When we get the flu, we just want to stay in bed and have someone care for us. We should allow restaurant workers the ability to do that, too. America would be a healthier place for it.

Follow us on Twitter @CNNOpinion.

Join us on Facebook/CNNOpinion.

The opinions expressed in this commentary are solely those of Saru Jayaraman.

ADVERTISEMENT
Part of complete coverage on
September 21, 2014 -- Updated 1750 GMT (0150 HKT)
John Sutter boarded a leaky oyster boat in Connecticut with a captain who can't swim as he set off to get world leaders to act on climate change
September 19, 2014 -- Updated 2322 GMT (0722 HKT)
Is ballet dying? CNN spoke with Isabella Boylston, a principal dancer at the American Ballet Theatre, about the future of the art form.
September 19, 2014 -- Updated 2147 GMT (0547 HKT)
Sally Kohn says it's time we take climate change as seriously as we do warfare in the Middle East
September 19, 2014 -- Updated 1302 GMT (2102 HKT)
Dean Obeidallah says an Oklahoma state representative's hateful remarks were rightfully condemned by religious leaders..
September 19, 2014 -- Updated 1922 GMT (0322 HKT)
No matter how much planning has gone into U.S. military plans to counter the Islamic State in Iraq and Syria, the Arab public isn't convinced that anything will change, says Geneive Abdo
September 19, 2014 -- Updated 1544 GMT (2344 HKT)
President Obama's strategy for destroying ISIS seems to depend on a volley of air strikes. That won't be enough, says Haider Mullick.
September 19, 2014 -- Updated 1303 GMT (2103 HKT)
Paul Begala says Hillary Clinton has plenty of good reasons not to jump into the 2016 race now
September 19, 2014 -- Updated 1501 GMT (2301 HKT)
Scotland decided to trust its 16-year-olds to vote in the biggest question in its history. Americans, in contrast, don't even trust theirs to help pick the county sheriff. Who's right?
September 19, 2014 -- Updated 0157 GMT (0957 HKT)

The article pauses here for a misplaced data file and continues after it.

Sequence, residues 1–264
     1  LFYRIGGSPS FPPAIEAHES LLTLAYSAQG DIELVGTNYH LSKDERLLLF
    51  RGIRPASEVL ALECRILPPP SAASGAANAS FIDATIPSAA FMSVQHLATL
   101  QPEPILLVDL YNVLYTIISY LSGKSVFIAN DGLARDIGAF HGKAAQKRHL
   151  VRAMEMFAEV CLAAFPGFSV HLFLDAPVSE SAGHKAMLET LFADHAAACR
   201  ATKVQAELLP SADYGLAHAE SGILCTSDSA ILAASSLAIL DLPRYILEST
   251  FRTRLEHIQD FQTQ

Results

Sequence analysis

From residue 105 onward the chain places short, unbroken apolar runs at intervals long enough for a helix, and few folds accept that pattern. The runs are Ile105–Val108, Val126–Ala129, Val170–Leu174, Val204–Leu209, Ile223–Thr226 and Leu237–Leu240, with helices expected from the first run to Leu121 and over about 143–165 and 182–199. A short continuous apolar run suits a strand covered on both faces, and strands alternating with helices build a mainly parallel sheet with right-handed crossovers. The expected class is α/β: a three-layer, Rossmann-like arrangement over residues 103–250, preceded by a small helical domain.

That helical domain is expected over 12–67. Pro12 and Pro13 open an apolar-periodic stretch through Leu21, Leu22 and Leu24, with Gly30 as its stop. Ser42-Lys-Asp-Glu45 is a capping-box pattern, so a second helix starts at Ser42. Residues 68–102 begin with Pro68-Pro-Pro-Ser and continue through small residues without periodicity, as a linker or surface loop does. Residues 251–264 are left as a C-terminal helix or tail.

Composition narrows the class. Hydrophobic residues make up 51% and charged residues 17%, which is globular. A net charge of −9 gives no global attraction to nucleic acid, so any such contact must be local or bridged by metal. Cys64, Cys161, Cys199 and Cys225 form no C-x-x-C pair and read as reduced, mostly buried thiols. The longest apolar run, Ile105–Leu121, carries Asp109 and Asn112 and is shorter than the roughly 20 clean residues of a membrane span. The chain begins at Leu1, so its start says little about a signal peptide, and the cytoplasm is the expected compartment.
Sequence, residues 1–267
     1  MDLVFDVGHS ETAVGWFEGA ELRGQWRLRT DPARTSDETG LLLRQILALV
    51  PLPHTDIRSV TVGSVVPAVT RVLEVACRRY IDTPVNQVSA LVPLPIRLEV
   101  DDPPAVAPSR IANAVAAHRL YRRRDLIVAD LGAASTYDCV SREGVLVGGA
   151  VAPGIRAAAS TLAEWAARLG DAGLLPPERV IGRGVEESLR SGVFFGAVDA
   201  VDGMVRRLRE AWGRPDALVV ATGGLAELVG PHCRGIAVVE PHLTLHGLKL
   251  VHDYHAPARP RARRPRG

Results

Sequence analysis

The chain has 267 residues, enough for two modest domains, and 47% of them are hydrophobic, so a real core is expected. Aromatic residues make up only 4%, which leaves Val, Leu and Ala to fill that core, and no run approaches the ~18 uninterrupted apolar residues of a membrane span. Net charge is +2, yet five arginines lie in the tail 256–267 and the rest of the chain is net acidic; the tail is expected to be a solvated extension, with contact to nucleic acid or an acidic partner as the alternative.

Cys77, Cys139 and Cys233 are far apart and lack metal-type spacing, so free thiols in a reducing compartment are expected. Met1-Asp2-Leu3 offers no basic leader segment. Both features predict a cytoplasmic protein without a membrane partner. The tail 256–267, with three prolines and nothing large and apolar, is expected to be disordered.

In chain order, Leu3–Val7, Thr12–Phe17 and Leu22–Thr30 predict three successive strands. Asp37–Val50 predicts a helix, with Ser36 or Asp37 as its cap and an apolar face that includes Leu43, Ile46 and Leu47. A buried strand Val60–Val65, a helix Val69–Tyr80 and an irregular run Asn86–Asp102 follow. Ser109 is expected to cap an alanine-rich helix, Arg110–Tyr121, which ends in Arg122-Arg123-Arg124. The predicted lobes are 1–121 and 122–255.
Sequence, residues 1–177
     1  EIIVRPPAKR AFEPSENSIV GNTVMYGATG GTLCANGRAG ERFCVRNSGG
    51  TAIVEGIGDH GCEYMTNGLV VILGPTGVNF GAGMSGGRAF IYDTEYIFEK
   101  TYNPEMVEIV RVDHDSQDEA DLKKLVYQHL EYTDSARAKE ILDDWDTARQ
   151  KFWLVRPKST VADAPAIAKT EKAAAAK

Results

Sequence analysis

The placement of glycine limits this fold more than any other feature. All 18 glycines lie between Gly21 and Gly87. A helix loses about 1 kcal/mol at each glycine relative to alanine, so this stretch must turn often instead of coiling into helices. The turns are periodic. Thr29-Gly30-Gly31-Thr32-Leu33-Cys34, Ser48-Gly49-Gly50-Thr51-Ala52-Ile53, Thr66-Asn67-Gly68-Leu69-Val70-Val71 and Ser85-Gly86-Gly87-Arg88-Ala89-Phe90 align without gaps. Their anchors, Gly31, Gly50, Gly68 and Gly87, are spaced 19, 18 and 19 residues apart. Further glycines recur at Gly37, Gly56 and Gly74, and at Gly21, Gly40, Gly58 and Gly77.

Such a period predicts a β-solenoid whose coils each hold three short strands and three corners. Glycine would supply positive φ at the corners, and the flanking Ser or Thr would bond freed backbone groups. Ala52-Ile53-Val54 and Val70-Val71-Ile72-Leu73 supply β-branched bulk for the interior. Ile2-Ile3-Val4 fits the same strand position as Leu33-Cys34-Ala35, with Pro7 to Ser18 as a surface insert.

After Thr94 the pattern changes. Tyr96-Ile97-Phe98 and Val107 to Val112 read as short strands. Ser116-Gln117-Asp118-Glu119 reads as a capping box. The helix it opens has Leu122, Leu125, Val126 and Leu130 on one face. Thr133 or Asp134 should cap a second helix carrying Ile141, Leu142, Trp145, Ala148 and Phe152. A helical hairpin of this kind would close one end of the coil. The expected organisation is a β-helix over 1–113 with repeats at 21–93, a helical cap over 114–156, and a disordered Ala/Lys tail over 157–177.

Ruben Navarrette says spanking is an acceptable form of disciplining a child, as long as you follow the rules.
September 19, 2014 -- Updated 1547 GMT (2347 HKT)
Frida Ghitis says the foiled Australian plot shows ISIS is working diligently to taunt the U.S. and its allies.
September 19, 2014 -- Updated 1958 GMT (0358 HKT)
Young U.S. voters by and large just do not see the midterm elections offering legitimate choices because, in their eyes, Congress has proven to be largely ineffectual, and worse uncaring, argues John Della Volpe
September 19, 2014 -- Updated 0158 GMT (0958 HKT)
Steven Holmes says spanking, a practice that is ingrained in our culture, accomplishes nothing positive and causes harm.
September 18, 2014 -- Updated 1831 GMT (0231 HKT)
Sally Kohn says America tried "Cowboy Adventurism" as a foreign policy strategy; it failed. So why try it again?
September 18, 2014 -- Updated 1427 GMT (2227 HKT)
Van Jones says the video of John Crawford III, who was shot by a police officer in Walmart, should be released.
September 18, 2014 -- Updated 1448 GMT (2248 HKT)
NASA will need to embrace new entrants and promote a lot more competition in future, argues Newt Gingrich.
September 16, 2014 -- Updated 2315 GMT (0715 HKT)
If U.S. wants to see real change in Iraq and Syria, it will have to empower moderate forces, says Fouad Siniora.
September 18, 2014 -- Updated 0034 GMT (0834 HKT)
Mark O'Mara says there are basic rules to follow when interacting with law enforcement: respect their authority.
September 16, 2014 -- Updated 1305 GMT (2105 HKT)
LZ Granderson says Congress has rebuked the NFL on domestic violence issue, but why not a federal judge?
September 16, 2014 -- Updated 1149 GMT (1949 HKT)
Mel Robbins says the only person you can legally hit in the United States is a child. That's wrong.
September 15, 2014 -- Updated 1723 GMT (0123 HKT)
Eric Liu says seeing many friends fight so hard for same-sex marriage rights made him appreciate marriage.
ADVERTISEMENT